With the trend toward full-scale structural testing, an extension designed for single-story house tests and test material storage was added to the research center in 2006. The research center extension was completed amid heated debates for wall bracing requirements under the International Residential Code (IRC). APA conducted several series of full-scale single-story house tests to support APA’s and industry’s  position on the revisions of wall bracing requirements that were eventually published in the 2009 IRC. Subsequent tests continued for a few years until the completion of the 2012 IRC.

APA focused on full-scale combined shear and wind uplift tests in 2007 and 2008 to show the superior performance of wood structural panels (plywood and OSB) when compared to other competing materials. Results obtained from those studies supported the 2008 publication of APA System Report SR-101, Design for Combined Shear and Uplift from Wind, which was also adopted by the 2008 ANSI/AWC Special Design Provisions for Wind and Seismic (SDPWS).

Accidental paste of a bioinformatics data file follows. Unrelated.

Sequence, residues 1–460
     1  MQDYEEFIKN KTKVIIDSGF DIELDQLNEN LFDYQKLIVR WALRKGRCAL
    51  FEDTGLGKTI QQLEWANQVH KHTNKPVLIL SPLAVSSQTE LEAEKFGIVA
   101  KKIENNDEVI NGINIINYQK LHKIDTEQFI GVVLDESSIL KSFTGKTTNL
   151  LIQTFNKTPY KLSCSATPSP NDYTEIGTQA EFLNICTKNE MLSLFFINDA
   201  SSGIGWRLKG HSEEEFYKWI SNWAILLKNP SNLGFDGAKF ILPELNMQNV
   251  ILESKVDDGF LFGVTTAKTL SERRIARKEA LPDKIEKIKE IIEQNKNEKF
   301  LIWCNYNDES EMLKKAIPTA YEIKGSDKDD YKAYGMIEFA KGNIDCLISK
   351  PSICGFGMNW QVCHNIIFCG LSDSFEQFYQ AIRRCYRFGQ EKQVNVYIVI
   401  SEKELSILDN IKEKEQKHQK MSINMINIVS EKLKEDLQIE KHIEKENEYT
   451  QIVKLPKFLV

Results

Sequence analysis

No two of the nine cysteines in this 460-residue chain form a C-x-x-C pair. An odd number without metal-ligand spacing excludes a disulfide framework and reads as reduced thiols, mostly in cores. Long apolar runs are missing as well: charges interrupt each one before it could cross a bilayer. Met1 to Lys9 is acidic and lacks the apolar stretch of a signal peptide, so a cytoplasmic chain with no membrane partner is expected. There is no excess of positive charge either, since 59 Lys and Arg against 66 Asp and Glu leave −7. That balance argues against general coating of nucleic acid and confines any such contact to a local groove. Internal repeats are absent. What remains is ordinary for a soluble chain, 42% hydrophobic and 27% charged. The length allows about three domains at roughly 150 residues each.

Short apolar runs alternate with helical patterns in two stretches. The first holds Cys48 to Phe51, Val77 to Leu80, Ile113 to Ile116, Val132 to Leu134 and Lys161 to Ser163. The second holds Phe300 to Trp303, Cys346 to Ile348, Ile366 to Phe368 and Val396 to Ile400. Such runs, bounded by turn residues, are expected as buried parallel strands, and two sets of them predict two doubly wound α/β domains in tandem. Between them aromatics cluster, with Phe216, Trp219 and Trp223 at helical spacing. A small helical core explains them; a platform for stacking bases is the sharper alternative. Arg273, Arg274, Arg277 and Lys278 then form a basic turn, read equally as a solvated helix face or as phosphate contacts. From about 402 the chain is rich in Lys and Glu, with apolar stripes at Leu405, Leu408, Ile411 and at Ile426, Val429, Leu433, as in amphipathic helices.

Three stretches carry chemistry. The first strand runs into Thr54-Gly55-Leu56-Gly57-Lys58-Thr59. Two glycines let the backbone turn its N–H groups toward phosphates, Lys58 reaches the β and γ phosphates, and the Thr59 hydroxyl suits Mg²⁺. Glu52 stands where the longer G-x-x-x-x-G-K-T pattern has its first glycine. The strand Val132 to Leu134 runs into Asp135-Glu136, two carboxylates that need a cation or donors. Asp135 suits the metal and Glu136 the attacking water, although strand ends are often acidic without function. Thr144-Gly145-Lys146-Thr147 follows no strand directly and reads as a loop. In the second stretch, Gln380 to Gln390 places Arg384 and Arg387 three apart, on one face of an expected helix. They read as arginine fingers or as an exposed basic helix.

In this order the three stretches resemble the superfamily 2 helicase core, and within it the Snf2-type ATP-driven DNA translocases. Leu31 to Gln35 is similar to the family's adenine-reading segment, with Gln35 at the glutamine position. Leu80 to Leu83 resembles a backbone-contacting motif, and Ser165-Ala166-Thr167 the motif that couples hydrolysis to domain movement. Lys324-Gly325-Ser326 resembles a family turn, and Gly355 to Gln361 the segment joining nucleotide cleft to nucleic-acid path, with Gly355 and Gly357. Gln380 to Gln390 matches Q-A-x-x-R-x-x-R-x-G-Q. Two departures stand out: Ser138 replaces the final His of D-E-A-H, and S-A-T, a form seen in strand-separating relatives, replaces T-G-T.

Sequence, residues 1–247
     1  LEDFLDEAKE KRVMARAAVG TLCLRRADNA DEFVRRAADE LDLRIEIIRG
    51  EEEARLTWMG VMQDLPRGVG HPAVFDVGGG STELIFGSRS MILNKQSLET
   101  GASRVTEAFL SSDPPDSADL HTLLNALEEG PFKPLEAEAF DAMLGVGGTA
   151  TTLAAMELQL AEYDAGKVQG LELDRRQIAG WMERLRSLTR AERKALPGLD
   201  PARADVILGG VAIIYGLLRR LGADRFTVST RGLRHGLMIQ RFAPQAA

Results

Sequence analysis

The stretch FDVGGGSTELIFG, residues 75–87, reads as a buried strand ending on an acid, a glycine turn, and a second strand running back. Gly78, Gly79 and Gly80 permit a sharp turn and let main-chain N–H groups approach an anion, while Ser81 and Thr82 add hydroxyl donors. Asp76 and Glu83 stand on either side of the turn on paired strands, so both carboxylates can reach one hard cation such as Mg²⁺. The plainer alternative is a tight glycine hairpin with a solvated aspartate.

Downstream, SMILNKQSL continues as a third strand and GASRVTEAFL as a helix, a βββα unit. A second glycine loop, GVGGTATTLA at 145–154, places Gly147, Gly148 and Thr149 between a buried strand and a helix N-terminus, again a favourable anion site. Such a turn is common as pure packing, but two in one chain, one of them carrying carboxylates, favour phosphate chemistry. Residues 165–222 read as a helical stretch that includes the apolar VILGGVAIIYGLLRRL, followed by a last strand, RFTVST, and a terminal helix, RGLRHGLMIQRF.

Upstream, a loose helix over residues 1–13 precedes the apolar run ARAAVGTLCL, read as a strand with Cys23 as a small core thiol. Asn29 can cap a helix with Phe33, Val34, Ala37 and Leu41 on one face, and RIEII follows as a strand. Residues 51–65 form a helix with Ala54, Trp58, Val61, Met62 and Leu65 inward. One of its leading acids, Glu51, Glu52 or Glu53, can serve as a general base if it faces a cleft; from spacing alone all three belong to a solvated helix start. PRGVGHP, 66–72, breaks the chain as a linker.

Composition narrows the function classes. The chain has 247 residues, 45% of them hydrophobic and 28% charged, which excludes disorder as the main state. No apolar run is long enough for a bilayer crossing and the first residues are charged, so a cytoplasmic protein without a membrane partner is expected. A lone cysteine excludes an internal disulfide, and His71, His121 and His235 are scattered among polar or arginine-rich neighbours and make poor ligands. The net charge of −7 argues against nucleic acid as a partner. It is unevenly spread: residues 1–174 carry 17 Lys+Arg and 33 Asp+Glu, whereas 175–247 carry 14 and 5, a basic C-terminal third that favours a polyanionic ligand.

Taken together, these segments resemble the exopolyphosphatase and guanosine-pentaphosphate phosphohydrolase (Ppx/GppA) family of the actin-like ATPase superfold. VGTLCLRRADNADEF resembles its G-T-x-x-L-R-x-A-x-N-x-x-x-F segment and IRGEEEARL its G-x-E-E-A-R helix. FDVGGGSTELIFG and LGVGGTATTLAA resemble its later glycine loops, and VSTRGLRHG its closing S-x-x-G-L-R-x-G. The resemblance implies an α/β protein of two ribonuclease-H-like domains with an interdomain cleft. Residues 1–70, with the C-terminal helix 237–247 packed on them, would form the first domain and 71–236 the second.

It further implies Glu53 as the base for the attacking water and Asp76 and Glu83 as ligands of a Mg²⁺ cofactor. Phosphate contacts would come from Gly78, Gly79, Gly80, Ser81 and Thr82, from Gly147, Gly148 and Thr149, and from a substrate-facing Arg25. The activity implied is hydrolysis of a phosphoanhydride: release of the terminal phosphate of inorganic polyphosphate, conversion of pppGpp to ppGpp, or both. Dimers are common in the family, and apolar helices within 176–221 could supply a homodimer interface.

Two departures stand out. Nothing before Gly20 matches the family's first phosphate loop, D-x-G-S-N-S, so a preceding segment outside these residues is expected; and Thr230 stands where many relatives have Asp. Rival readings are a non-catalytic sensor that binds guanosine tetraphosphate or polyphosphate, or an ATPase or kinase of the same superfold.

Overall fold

Force Transfer Around Openings Tests

In 2009 and 2010, APA conducted a series of full-scale shear wall tests to provide recommendations for the design of wood-framed shear walls with the methodology of force transfer around openings (FTAO) when wood structural panels are used. This study was a collaboration between APA, the USDA Forest Products Laboratory and the University of British Columbia, under partial funding support of the USDA and the Engineered Wood Technology Association (EWTA). The test results provide recommendations for FTAO design when shear walls are constructed with wood structural panels in high seismic zones, such as California, Oregon and Washington.